CAIRO (Reuters) - U.S. officials have met members of the Muslim Brotherhood’s political party, a U.S. diplomat said, after Washington announced it would have direct contacts with Egypt’s biggest Islamist group whose role has grown since U.S. ally Hosni Mubarak was ousted.
Washington announced the plans in June, portraying such contacts as the continuation of an earlier policy. But analysts said it reflected a new approach to the way it dealt with a group which Mubarak banned from politics.
The Brotherhood is one of Egypt’s most popular and organized groups, with a broad grassroots network built up partly through social work even in Mubarak’s era.
The contacts may unsettle Israel and its U.S. backers. The Brotherhood renounced violence as a means to achieve political change in Egypt years ago. But groups like Hamas, which have not disavowed violence, look to the Brotherhood as a spiritual guide.
Under the previous policy, U.S. diplomats were allowed to deal with the Brotherhood’s members of parliament who had won seats as “independents” to skirt the official ban. This offered a diplomatic cover to keep lines of communication open.
“We have had direct contacts with senior officials of the Freedom and Justice party,” the senior diplomat told Reuters, referring to the Brotherhood’s party that was founded after politics opened up following the ouster of Mubarak.
The diplomat said U.S. officials did not make a distinction between members of the Brotherhood or its party. “We don’t have a policy that makes a distinction, that one or the other is off limits,” he said, without saying when the meetings took place.
The diplomat was responding to a question about whether any meetings had occurred, after Freedom Justice Party Chairman Mohamed Mursi told Egypt’s Al-Dostour newspaper last week that U.S. officials had not made contact since the policy shift.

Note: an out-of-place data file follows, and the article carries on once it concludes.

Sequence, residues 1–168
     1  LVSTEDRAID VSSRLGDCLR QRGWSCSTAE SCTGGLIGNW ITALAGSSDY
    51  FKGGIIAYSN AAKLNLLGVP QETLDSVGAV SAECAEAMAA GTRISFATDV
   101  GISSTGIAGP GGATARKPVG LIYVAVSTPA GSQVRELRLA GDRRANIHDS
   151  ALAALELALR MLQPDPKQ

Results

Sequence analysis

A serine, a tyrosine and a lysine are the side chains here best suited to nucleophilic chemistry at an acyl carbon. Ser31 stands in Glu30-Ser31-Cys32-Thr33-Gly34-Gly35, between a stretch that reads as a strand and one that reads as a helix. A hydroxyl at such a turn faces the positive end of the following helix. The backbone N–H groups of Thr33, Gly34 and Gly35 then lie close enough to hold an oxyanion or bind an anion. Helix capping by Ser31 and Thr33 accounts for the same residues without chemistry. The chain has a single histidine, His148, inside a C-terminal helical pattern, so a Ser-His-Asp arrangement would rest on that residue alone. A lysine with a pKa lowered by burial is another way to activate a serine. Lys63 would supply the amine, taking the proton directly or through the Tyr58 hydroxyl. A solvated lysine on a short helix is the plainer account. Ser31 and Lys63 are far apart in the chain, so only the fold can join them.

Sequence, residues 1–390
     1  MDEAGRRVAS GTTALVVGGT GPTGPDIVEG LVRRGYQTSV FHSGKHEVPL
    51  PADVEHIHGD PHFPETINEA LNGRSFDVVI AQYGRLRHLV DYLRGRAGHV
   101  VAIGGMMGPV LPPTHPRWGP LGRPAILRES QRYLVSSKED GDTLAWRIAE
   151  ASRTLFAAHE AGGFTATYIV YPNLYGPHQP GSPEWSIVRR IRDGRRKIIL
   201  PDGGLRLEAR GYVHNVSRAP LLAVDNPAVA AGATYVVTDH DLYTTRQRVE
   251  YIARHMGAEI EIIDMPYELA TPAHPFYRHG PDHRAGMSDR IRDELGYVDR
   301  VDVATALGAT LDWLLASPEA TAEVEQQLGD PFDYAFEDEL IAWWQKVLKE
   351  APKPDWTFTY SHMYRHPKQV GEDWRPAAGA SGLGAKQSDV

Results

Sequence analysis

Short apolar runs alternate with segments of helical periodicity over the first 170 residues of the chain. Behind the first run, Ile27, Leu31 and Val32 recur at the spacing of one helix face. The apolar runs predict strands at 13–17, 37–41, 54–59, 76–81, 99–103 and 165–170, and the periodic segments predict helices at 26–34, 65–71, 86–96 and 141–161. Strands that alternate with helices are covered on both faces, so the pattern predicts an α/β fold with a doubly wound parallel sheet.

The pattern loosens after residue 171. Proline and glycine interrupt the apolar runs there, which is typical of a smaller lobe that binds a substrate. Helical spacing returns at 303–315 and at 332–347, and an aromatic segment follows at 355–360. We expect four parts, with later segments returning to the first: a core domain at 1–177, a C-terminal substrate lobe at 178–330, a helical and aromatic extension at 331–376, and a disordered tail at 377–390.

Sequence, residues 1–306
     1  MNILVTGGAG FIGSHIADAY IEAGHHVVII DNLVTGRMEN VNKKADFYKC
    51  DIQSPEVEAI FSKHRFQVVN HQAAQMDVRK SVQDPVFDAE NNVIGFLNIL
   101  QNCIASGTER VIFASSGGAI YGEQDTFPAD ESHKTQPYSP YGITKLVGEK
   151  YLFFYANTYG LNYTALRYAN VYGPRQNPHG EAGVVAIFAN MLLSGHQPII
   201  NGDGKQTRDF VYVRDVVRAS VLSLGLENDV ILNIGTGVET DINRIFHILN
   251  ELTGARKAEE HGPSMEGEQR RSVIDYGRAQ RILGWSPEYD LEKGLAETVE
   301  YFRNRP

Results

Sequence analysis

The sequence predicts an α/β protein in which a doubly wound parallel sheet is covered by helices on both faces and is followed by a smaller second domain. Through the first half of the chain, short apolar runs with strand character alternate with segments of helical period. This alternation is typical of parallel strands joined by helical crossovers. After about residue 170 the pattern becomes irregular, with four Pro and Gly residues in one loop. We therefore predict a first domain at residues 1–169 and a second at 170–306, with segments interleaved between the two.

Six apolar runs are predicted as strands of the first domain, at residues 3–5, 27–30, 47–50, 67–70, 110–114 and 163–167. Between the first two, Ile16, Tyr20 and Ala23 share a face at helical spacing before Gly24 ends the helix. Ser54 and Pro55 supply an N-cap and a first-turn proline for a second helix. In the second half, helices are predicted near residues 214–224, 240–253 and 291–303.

Speaking to Reuters on Sunday, the party deputy head Essam el-Erian also denied any meetings had taken place with U.S. officials when asked about the diplomat’s comments.
It was not immediately clear why the two sides gave different accounts.
U.S. Secretary of State Hillary Clinton was asked in an interview broadcast on Saturday with Egypt’s Al-Hayat television whether Washington would be ready to work with a future government that included members of the Brotherhood.
“We will be willing to and open to working with a government that has representatives who are committed to non-violence, who are committed to human rights, who are committed to the democracy that I think was hoped for in Tahrir Square,” she replied, according to a U.S. transcript.
Under the former Egyptian president, the Brotherhood was banned and its members often detained. Mubarak often presented himself as the bulwark preventing Egypt’s slide into Islamist hands, an approach that analysts said help secure him backing from Washington and other Western powers wary that Egypt could turn into another Iran or Gaza.
The group took a backseat in the early part of the anti-Mubarak uprising, which was broadly led by youth groups who put national concerns above religion. But the Brotherhood and its party have taken a increasingly prominent role since.
The diplomat said the U.S. contacts had been with “high-level” members of the Brotherhood’s party but did not give names. From the U.S. side, he said the contacts were not at ambassadorial level but he did not give further details.
“We had occasionally had these contacts in the past ... The difference is in the past we had seen parliamentarians,” he said.
Egypt’s parliament was dissolved after Mubarak’s fall. Fresh elections for the lower house are due to start in November, with a vote for the upper house early next year.
The Brotherhood is expected to perform well in the vote, although many analysts expect a fairly fragmented parliament with no single unified voice emerging.
The diplomat said contacts with the Brotherhood were part of an bid to understand Egypt better and explain U.S. policies.
“From our perspective it is important to be in touch with all of the emerging political forces here in Egypt, across the board, that are peaceful and committed to non-violence,” he said.
“It helps to understand Egypt and the way the political system is developing, and it helps us to deliver our message and get them to understand where we are coming from,” he added.
Additional reporting by Tamim Elyan; Editing by Rosalind Russell